Item 30 is an SMPS which operates in the flyback mode and discharges the battery by taking power from the battery and converting this to 150V d.c. power to be reused by other modules or dumped by a power dump circuit, not shown. This discharge current is set by the converter 24 and is measured for this setting by the current sense resistor 32.
The apparatus includes a crowbar circuit 34 which, with its associated fuses, is used to improve the safety of the unit by preventing dangerous voltages from appearing on the output terminals of the charger. In the event of some internal failure in the charger, the crowbar circuit acts independently to clamp any such dangerous voltages, perhaps resulting in the breaking of the fuses.
The power module 104 shown in FIG. 8 handles the conversion of the input mains power to a usable form and where necessary performs safety isolation of other modules from the potentially dangerous mains voltages. This module can operate either from 110 V or 240V a.c. sources.
Item 57 is RFI filter unit used to prevent unacceptable levels of interfering signals that may be generated by the power supply operation from appearing on the mains input. This unit is necessary to meet formal requirements of the testing and approval authorities and does not affect charger operation.
Item 58 is a rectifier/filter which converts the a.c. power input to the d.c. form and filters the resulting d.c. so as to be suitable for later processing. This unit is also responsible for handling 110V and 240V a.c. mains inputs by being used in the voltage doubler or bridge modes respectively.
Numeral 59 indicates a half bridge SMPS which takes the d.c. output of unit 58 and by a process of supersonic chopping and the use of the connected transformer 60 converts the input power to 150V d.c. The 150V d.c. appears on the output of the rectifier and filter unit 61. This unit takes the chopped output of unit 59 (as transformed by transformer 60) and converts it to smooth 150V d.c. for subsequent use by the charge modules. The 150V output appears at 65.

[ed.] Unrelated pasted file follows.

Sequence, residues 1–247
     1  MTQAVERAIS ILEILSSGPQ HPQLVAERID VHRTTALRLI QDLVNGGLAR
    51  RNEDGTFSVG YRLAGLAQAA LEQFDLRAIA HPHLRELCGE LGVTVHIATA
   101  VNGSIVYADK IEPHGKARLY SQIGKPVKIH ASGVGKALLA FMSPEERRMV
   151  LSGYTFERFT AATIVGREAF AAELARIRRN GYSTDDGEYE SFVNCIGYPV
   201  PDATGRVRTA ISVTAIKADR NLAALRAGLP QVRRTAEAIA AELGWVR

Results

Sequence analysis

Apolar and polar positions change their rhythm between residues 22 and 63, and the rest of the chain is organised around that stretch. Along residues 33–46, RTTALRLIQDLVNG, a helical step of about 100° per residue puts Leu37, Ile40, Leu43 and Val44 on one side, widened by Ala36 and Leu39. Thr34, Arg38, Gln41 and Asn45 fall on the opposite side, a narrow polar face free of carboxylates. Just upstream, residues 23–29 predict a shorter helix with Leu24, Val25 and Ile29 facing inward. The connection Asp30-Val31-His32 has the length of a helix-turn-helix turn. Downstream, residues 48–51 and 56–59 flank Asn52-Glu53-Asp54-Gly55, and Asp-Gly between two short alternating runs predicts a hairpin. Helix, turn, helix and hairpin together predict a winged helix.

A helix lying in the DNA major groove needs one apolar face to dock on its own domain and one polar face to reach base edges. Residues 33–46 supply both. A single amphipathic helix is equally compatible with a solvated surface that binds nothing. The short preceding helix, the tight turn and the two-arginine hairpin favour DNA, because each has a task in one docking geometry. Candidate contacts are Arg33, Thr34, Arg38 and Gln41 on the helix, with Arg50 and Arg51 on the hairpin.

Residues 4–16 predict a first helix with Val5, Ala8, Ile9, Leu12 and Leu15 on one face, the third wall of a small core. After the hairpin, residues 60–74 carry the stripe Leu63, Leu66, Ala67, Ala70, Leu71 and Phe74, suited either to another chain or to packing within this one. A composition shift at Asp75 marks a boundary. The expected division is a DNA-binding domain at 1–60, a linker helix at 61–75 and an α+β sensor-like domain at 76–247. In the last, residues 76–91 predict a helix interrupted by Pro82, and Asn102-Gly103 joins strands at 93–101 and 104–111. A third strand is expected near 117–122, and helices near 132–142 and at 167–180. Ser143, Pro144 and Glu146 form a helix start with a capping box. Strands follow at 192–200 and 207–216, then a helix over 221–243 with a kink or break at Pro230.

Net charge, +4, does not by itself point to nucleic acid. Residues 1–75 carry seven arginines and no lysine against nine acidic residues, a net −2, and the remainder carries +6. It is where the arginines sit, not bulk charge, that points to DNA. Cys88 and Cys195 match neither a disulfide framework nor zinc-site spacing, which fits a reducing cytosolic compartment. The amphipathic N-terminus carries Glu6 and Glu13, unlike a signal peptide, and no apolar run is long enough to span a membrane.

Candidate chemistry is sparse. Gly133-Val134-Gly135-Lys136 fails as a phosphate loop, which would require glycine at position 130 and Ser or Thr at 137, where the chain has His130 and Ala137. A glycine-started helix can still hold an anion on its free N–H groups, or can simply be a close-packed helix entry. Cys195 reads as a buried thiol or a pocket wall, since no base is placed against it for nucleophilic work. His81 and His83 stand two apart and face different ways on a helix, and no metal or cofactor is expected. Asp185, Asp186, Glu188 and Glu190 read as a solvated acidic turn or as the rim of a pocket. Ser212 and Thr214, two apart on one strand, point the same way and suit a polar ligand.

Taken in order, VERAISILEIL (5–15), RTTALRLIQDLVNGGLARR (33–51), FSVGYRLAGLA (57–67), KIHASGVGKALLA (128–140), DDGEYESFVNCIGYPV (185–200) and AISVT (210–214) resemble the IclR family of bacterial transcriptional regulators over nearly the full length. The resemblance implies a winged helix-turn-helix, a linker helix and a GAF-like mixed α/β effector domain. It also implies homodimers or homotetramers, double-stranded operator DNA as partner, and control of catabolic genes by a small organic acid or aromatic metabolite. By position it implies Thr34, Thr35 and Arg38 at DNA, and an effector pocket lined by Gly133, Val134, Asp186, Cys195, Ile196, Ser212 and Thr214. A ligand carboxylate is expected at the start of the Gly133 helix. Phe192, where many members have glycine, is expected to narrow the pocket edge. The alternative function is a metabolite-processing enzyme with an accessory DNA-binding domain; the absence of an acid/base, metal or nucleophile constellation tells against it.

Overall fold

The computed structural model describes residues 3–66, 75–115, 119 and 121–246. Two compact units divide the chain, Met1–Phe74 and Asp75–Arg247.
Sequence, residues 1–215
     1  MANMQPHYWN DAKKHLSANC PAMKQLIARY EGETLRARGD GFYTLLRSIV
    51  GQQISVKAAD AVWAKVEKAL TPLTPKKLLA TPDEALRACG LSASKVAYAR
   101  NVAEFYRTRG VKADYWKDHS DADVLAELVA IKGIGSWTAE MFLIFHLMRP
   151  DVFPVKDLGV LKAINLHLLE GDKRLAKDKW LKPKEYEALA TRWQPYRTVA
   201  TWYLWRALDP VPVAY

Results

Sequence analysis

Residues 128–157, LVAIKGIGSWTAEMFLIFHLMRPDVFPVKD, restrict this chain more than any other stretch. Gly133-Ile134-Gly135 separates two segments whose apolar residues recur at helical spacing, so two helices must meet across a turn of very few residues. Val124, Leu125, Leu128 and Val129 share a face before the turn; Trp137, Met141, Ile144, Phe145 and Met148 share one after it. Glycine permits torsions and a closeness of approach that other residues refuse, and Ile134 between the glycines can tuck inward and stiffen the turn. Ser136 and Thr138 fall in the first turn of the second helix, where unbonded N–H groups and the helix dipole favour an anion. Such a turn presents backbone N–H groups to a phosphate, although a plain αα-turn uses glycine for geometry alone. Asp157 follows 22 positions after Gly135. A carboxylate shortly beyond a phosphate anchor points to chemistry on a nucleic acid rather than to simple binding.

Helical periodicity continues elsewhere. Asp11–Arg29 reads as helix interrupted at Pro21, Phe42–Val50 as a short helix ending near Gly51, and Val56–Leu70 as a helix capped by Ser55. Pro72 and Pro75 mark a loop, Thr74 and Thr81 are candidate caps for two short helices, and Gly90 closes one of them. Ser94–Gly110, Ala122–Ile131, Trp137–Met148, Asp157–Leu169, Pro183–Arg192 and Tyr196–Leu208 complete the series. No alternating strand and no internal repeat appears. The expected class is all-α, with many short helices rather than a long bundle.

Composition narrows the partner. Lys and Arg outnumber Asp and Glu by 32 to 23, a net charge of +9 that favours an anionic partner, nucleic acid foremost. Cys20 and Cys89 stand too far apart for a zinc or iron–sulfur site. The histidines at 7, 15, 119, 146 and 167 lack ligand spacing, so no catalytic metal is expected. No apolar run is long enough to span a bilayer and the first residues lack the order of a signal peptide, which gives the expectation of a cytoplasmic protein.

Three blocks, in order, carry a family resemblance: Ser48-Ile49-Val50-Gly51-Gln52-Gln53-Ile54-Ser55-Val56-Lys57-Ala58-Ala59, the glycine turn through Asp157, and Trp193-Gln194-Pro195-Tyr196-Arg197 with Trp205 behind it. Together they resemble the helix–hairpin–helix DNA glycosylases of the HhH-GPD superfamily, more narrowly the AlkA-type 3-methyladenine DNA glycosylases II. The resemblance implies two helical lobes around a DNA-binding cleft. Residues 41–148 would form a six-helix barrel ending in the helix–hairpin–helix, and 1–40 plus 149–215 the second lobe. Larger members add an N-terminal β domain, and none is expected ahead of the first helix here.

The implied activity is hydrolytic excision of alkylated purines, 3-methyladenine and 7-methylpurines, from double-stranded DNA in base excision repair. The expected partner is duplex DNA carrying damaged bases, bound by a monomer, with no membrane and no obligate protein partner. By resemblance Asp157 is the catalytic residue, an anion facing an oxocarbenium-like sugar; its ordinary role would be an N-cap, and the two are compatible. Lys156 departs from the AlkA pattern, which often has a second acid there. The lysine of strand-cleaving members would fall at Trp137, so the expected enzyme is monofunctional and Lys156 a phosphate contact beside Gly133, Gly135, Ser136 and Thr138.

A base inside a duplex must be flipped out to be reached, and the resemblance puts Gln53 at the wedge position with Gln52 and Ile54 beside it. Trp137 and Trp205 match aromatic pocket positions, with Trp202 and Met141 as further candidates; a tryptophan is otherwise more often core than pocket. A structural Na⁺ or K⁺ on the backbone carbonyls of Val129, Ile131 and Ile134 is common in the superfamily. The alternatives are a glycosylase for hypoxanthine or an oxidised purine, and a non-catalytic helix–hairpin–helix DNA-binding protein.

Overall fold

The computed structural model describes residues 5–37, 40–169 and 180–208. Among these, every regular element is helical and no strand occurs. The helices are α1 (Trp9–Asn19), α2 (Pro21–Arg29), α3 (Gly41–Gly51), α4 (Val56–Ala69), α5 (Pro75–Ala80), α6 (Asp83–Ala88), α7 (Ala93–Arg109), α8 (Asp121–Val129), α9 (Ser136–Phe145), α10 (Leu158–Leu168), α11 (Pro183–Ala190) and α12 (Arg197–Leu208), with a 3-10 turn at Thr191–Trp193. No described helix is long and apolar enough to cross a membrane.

Unit 62 generates an 8V and 16V d.c. output to supply low level power for the control of the battery processing. This unit also provides voltage feedback for the half bridge SMPS to allow stabilisation of the 150V d.c. output. The 8V and 16V outputs appear at 66 and 67 respectively.
The power dump circuit 64 is connected to the 150V d.c. power output and is used to dissipate power that is discharged from batteries being processed. The charger will attempt to use the power discharged from batteries (to charge other batteries for example) but any excess is handled by this unit. The unit functions simply by connecting a power resistor across the nominal 150V power supply when the voltage of that supply exceeds about 160V.
The voltage sensing circuit and the temperature sensing circuit which are used in the unit 18 of the processor are shown in FIGS. 6 and 7 respectively. The circuits are conventional as will be understood by those skilled in the art. The input terminals 38 of the voltage sensing circuit 106 are connected to the battery and the output 50 is connected to the microprocessor in the control unit 10. The operational amplifier 49 is a LM2902N device available from the Motorola company.